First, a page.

Monday, June 8, 2015

Getting Your Writing Mojo Back

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A Post By Jonathan


Help! Someone's stolen my mojo! I was just chillin' in what could be described as my own version of a writer's cryofreeze --aka, first-time dad zone-- and when I thawed out, and finished taking a hideously long pee, all my writing mojo was gone.

The culprit looked a little like this:

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or maybe a little more like this:

My 5-month old mini me, notice the resemblance?

Either way, it's gone. But I've got a plan to get it back (feel free to follow these steps if you too have had your writing mojo stolen):

Step 1: Write Something New

As it probably is for many writers (first-time novelists, especially), this is a huge decision for me. I've spent nearly ten years working on the same story, writing the same characters, living in the same world. I never started a new project because it always felt like I would be quitting, like I would be walking away from all that hard work. But after consulting some of my trusted writerly friends over at bksp.org (if you haven't visited the forums on this site, you need to check them out), and those here at Across the Board of course, I learned that moving on to a different project doesn't necessarily mean you're throwing in the towel. It also doesn't mean that you will never return to that first novel. It just means that you are growing as a writer, that you recognize when, creatively, you need a new challenge. For me, it's either write something new or not write at all (at least that's how it feels).

Strangely enough, just giving myself permission to go down this path has greatly improved my outlook on the whole writing process. No one writes well when they're dreading even sitting down at the keyboard. Whether I end up starting a new project or not --or just keep slogging away on my current WIP-- just giving myself the okay has done wonders. I can feel my mojo coming back already!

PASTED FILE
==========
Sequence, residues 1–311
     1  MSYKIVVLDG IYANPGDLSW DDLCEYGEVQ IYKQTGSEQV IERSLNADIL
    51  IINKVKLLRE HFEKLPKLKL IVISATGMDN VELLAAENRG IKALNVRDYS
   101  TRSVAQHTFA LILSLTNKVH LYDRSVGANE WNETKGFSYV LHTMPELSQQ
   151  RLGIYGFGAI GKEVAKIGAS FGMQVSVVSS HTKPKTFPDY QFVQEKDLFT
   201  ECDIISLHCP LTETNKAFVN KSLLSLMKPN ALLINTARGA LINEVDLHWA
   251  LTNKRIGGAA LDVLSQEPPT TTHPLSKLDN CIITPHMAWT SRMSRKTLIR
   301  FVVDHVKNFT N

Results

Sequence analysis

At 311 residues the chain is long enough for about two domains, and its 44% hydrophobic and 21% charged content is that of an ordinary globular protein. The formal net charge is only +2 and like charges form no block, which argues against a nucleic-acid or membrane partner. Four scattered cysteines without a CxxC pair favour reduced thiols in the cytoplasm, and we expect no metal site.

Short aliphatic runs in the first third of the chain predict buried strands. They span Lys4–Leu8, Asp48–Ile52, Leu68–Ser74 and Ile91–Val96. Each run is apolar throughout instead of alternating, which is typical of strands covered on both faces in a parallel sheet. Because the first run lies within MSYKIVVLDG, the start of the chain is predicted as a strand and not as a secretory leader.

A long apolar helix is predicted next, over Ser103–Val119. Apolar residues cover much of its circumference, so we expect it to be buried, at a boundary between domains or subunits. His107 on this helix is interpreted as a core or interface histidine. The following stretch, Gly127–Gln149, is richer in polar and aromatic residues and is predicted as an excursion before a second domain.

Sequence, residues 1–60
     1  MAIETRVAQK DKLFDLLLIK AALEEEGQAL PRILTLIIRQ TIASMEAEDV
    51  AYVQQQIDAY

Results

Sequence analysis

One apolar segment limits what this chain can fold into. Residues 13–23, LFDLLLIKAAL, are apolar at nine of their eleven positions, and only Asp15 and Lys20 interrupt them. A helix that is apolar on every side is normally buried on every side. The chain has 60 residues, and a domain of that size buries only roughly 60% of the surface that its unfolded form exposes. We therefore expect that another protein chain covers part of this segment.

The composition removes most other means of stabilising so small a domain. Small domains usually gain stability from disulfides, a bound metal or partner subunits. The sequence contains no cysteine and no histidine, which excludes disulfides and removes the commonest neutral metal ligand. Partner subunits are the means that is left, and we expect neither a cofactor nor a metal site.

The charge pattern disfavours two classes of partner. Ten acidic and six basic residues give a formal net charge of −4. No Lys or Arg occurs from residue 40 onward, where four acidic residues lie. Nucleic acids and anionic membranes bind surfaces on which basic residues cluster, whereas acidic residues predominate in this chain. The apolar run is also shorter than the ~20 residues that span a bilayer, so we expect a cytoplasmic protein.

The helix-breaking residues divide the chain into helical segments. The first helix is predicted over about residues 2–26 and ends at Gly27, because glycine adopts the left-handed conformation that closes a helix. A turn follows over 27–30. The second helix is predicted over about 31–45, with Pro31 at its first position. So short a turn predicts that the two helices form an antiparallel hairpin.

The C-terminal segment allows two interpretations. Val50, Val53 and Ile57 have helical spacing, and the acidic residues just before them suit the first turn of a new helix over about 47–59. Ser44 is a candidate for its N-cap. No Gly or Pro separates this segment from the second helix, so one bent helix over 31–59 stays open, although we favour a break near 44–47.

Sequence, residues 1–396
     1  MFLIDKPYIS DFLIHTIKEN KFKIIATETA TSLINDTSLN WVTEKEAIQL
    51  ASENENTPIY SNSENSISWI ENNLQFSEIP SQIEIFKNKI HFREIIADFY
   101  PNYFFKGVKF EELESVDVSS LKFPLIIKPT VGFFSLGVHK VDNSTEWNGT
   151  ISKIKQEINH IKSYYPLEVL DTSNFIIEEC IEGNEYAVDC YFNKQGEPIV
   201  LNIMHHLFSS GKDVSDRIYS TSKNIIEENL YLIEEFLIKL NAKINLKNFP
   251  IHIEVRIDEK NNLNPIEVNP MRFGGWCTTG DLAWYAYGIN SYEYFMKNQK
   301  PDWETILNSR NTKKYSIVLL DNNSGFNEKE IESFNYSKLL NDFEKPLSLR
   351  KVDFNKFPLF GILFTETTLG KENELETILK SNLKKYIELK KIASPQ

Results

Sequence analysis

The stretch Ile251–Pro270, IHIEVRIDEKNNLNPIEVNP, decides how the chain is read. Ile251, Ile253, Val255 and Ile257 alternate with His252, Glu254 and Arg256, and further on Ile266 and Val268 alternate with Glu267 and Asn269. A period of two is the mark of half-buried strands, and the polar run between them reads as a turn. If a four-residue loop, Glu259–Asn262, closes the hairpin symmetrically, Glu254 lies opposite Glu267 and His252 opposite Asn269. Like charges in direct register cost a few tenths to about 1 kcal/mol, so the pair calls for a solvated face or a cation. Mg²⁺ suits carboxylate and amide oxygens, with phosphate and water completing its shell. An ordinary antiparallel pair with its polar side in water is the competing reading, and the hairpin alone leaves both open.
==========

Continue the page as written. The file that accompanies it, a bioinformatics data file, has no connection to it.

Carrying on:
Do I make you randy, baby, yeah! Where'd that come from?

Step 2: Take A Trip

My wife and I are talking about taking a vacation soon, which should be a good mojo booster in and of itself. Coincidentally, the drive to our potential vacation spot takes us right past Space Camp, which is where some of my current MG Sci-Fi WIP takes place. I have never actually been there, but we're planning on stopping by (thirteen hours in the car with a five-month old will make you plan out your stops very, very carefully).

I have mixed feelings about the visit... I'm excited and apprehensive all at the same time. This could be the big boost I've needed to fall back in love with my WIP. I've got to think that actually seeing the place I've been writing about for the last decade will send my creative juices soaring into stratosphere. To the shag wagon, baby!

But what if it has the opposite effect? What if just seeing the place reminds me how much work I've got to do? How many revisions there are? How wrong I've been about the place all along!!!

Okay, while I'm busy hyperventilating feel free to check out this cool article I read recently about how travel can improve your writing skills: The simple, super-sexy, science backed way to improve your writing skills

Step 3: Be Patient

This is a big one.

You hear about writers like former Across the Board member, Beth Ellyn Summer, getting book deals (Congrats, again, Beth! We are super happy for you!:) and you can't help but wonder when it will be your time. Well, getting published means having a work to publish, and having a work to publish means having words in a book, and having words in a book takes writing them down, and writing takes mojo! So it's just not my time. What I need to do now is focus on me, and where I am in the writing process. Just set a few small goals for myself. Jot a few sentences down. Do a little outlining, maybe (though I'm more of a pantser myself...). Even thinking about writing is something, right?

Well wish me luck, dear reader, as I try to get my writing mojo back. If there are other things I should/could be doing, feel free to leave your suggestions in the comments section below. I can use all the help I can get.

Yeah baby yeah!

16 comments:

  1. I concur on taking a trip. I took a trip to Key West when my oldest was 18 months old and I got inspiration for the project I'm working on now. My next trip is aboard a Disney Cruise. Thinking a new mystery series where Goofy is the villain.

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    1. Thanks, Kimberly! I'm semi-dreading being in the car for that long with a car-seat hating 5-month old, but I'm really looking forward to the time off from the soul sucking day job and the relaxation it "should" bring.

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  2. you're the best, Jonathan!! thank you! I can't tell you how many times I've been through this. The book I was working on in the fall was all wrong and I spent a good month or so trying to make it work. The problem was, it was too similar to my book on sub (now sold) and I needed to do something totally different. Now the book I'm working on now is flowing so much better. I think the trip and seeing a setting for your MS will completely help :) also your son is adorable!